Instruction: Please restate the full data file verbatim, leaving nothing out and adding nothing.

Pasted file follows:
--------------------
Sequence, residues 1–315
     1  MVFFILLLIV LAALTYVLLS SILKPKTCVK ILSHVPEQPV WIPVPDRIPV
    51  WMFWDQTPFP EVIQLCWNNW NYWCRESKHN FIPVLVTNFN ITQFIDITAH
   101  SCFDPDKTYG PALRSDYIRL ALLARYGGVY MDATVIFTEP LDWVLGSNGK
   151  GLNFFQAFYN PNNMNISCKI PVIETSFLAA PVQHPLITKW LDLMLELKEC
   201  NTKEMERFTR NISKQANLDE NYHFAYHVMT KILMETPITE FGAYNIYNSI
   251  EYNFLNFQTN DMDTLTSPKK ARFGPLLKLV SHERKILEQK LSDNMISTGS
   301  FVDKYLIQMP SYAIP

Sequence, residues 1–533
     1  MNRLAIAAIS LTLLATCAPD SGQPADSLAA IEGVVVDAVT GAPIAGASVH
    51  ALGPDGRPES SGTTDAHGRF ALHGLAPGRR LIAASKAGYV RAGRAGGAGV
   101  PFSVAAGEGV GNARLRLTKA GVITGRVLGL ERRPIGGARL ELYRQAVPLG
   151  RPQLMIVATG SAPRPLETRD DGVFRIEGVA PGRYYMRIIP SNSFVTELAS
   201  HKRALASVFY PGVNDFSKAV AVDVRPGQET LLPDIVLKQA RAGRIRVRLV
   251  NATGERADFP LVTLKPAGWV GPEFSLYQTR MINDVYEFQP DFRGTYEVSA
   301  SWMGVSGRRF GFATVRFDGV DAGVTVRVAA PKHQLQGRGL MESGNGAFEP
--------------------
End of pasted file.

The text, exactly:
Sequence, residues 1–315
     1  MVFFILLLIV LAALTYVLLS SILKPKTCVK ILSHVPEQPV WIPVPDRIPV
    51  WMFWDQTPFP EVIQLCWNNW NYWCRESKHN FIPVLVTNFN ITQFIDITAH
   101  SCFDPDKTYG PALRSDYIRL ALLARYGGVY MDATVIFTEP LDWVLGSNGK
   151  GLNFFQAFYN PNNMNISCKI PVIETSFLAA PVQHPLITKW LDLMLELKEC
   201  NTKEMERFTR NISKQANLDE NYHFAYHVMT KILMETPITE FGAYNIYNSI
   251  EYNFLNFQTN DMDTLTSPKK ARFGPLLKLV SHERKILEQK LSDNMISTGS
   301  FVDKYLIQMP SYAIP

Sequence, residues 1–533
     1  MNRLAIAAIS LTLLATCAPD SGQPADSLAA IEGVVVDAVT GAPIAGASVH
    51  ALGPDGRPES SGTTDAHGRF ALHGLAPGRR LIAASKAGYV RAGRAGGAGV
   101  PFSVAAGEGV GNARLRLTKA GVITGRVLGL ERRPIGGARL ELYRQAVPLG
   151  RPQLMIVATG SAPRPLETRD DGVFRIEGVA PGRYYMRIIP SNSFVTELAS
   201  HKRALASVFY PGVNDFSKAV AVDVRPGQET LLPDIVLKQA RAGRIRVRLV
   251  NATGERADFP LVTLKPAGWV GPEFSLYQTR MINDVYEFQP DFRGTYEVSA
   301  SWMGVSGRRF GFATVRFDGV DAGVTVRVAA PKHQLQGRGL MESGNGAFEP